Andrew Short wrapped up a long and successful career on Saturday at the Ironman National. In seventeen years as a pro, Andrew was able to constantly reinvent himself as new techniques emerged. This is a recurring theme for veterans as each generation continuously ups the ante for speed and innovation. There simply is no place for a rider who is unable to constantly elevate his game. Andrew was able to battle on 125’s, earning himself a factory ride during the infancy stages of the Honda 250F. He would turn that success into a long tenure with factory Honda on their 450, becoming a podium mainstay. His consistency was matched only by his tenacity, even earning the most overall points in 2008 when combining the supercross and outdoor seasons in a Grand Champion type scenario.
In more recent years, he would embark on a new relationship with KTM, helping with development on several aspects of their current race program. Spending a year on the 350, working to accelerate the progress of the new-gen 450 and even spearheading the WP air suspension project are all things that Shorty can check off his resume.
To say his career was well rounded would be a monumental understatement. He has won races all over the world, including Europe, Japan and the United States. He was nearly unstoppable on a 250F at Bercy. He won the Motocross of Nations for America in his home state of Colorado in 2010. He has won supercross races and outdoor races worldwide, delighting fans and terrorizing rivals. As great as he was as a racer, even more impressive is who he still is as a person.
Here’s a challenge: go find someone who has a negative thing to say about Andrew Short as a human. I’ll wait. Riders, team personnel, fans and casual onlookers alike will all have the same general opinion of Andrew. The guy simply does it the right way. He is gracious to everyone. He speaks genuinely and honestly. He appreciates his sponsors. He is selfless with those who want a moment of his time or his help. From my own perspective, I’ve seen Andrew deal with everyone the right way from many perspectives. I’ve seen it when racing him, I’ve seen it in my side career as a moto journalist, and I have seen it as a sponsor.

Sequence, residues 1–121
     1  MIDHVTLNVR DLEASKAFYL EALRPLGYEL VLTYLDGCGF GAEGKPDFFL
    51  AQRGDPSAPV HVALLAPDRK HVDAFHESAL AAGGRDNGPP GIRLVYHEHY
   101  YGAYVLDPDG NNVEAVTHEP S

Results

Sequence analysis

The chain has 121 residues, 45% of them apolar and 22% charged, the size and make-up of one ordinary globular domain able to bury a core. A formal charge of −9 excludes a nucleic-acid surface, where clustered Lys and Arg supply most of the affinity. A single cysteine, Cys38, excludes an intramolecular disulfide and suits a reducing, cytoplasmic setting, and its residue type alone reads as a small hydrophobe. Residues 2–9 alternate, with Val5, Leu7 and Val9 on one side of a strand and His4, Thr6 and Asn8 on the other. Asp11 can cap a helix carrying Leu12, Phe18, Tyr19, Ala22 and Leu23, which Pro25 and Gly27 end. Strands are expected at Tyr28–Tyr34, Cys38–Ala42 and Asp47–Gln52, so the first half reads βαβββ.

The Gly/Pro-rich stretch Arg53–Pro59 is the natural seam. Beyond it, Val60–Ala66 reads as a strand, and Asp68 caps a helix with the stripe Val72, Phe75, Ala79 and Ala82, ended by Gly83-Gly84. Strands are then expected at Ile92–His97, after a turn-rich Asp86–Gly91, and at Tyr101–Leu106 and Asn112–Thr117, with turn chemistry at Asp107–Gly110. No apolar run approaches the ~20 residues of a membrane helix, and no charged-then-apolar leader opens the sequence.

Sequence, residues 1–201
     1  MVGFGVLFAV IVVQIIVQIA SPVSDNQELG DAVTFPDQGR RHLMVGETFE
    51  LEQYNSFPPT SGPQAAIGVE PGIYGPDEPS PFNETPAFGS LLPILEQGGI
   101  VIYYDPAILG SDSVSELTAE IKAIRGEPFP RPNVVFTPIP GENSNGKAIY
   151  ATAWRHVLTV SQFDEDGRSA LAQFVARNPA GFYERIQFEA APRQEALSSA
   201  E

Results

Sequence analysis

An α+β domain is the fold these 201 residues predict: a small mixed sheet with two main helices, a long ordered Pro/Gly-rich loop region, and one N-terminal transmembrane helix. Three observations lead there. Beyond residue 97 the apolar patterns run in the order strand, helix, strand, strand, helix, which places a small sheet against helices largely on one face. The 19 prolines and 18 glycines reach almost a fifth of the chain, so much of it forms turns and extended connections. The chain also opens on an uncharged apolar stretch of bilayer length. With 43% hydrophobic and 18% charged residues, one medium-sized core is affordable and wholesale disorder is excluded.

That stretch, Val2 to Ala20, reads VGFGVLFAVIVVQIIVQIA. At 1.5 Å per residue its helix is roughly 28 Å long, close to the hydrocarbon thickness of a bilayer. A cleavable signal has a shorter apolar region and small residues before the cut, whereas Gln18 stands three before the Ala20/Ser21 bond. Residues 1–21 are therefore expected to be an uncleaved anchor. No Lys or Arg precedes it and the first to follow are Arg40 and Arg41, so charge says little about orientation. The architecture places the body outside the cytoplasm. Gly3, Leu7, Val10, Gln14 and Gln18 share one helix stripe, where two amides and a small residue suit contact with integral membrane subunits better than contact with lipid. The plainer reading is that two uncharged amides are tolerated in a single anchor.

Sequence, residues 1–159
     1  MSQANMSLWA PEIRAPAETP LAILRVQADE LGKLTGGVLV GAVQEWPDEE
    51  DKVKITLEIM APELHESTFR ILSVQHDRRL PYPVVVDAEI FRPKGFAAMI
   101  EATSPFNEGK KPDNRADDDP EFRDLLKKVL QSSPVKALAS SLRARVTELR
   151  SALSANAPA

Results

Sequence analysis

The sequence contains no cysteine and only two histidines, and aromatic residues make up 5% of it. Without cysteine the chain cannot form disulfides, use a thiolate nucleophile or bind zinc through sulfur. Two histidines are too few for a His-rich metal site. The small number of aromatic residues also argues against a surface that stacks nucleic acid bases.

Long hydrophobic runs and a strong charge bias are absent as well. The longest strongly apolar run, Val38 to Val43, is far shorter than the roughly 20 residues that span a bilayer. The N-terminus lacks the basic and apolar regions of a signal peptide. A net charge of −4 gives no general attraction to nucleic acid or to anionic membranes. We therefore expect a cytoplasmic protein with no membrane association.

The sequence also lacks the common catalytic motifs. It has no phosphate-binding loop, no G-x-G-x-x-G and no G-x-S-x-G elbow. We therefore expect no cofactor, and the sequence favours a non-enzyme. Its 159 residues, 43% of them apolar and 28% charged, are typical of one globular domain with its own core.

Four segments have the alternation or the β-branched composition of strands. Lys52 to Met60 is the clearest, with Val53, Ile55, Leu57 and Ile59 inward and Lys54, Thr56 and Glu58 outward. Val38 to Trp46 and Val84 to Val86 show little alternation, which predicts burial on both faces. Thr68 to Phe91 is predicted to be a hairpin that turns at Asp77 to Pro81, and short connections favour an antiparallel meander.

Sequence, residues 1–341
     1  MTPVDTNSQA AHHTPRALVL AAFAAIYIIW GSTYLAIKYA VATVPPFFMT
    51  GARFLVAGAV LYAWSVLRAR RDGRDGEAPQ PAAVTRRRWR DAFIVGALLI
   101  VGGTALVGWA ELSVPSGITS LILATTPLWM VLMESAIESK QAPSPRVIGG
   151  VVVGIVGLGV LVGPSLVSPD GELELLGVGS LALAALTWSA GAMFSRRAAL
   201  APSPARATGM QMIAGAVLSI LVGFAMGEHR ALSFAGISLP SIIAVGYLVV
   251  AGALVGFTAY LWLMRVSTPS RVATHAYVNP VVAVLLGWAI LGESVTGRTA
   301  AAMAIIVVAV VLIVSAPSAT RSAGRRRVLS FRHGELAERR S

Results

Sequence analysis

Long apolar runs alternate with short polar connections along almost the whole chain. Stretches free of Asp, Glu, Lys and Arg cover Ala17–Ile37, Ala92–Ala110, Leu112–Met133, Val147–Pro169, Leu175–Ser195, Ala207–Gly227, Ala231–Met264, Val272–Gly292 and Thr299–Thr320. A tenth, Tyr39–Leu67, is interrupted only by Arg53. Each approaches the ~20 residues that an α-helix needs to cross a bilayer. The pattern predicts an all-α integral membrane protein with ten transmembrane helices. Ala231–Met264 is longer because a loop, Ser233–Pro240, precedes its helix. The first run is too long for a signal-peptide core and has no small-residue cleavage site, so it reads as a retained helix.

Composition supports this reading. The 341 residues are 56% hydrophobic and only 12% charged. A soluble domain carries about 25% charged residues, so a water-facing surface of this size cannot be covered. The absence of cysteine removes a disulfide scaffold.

If you want an example of how it’s done in every situation, just sit back and observe Andrew Short. He is the rider that parents should tell their children to emulate. He is the spokesman that companies pray they can endorse. He was and is the total package. That’s what makes his racing persona so fascinating.
Andrew Short may be the one rider who I would not want behind me on the last lap of a race. Okay, maybe Vince Friese would be tough to overlook but Andrew’s ferociousness on the track was legendary.
James Stewart coined the term “smiley-faced assassin” when referring to Andrew for exactly this reason. Andrew would be smiling on the outside but his race face was snarling teeth and white-hot aggression. I have seen him absolutely go for the jugular when making a pass and I have seen him retaliate with unbridled scorn.
In 2006, I got a taste of it myself in untimed free practice at Thunder Valley. We were in different classes, Shorty still in the 250 class and myself on the 450. The seeded practices were combined in those days and as he came to pass me, I must have gotten in his way or accidentally roosted him. As we came down one of the hills, he got to my inside and punted me off the track, through the banners and into the parallel section of the course. Once I realized what happened and who sent me into the next county, I decided to pay Andrew a visit at the Honda truck. Being a Honda supported rider myself, I fought off all urges to raise my voice, but I did have to ask for further explanation.